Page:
In February 2010, while the Information Systems Department "analysis" was being conducted, Davis suffered a miscarriage. As a result, she required medical attention as well as a surgical procedure. Davis then suffered a herniated disk. Due to these conditions, Davis took medical leave pursuant to the Family and Medical Leave Act ("FMLA"). Davis remained on leave until the end of March 2010. While Davis was on leave, Ponce questioned the basis for her leave. Furthermore, during her leave Ponce repeatedly called Davis at home and sent her e-mail demanding her attention to work matters, despite the fact that she had a trained and qualified assistant on site to manage the security system in her absence.
Davis shared her highly personal reason for taking medical leave with Ponce. Nevertheless he continued to issue directives to her. In one instance, Ponce sent Davis an e-mail at 3:00 p.m. on a Friday, insisting that she take immediate action, even if it meant over the weekend. Davis received this e-mail the same week that she learned she would need surgery following her miscarriage. Ponce copied other employees on this e-mail, thus disclosing Davis's personal medical information to others within the MPEA.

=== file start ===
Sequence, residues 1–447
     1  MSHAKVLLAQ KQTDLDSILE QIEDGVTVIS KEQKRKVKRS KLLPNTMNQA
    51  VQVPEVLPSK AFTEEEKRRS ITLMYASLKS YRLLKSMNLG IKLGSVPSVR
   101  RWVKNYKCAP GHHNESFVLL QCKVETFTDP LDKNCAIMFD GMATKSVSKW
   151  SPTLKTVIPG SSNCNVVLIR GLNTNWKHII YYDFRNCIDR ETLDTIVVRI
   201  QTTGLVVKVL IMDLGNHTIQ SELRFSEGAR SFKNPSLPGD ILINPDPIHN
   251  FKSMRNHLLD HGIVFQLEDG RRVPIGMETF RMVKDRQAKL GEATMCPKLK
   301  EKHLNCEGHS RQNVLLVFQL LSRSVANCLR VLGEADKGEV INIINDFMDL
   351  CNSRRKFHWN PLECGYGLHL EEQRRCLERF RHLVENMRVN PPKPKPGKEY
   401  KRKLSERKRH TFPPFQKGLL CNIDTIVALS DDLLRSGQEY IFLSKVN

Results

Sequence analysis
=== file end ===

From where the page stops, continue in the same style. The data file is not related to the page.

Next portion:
When Davis returned to work, she discovered that Ponce had reassigned her staff and redistributed all of her responsibilities to other employees. Davis was therefore stripped of all of her previous responsibilities as Assistant Director of Security Systems. Ponce also instructed Davis to report to a male assistant director who was her equal in rank and whom she had supervised as Acting Senior Director. Furthermore, Ponce directed that Davis be locked out of the MPEA's security systems, thus making it impossible for her to perform her job. As a result, Davis reported to work on a daily basis and sat in her office with no work to perform.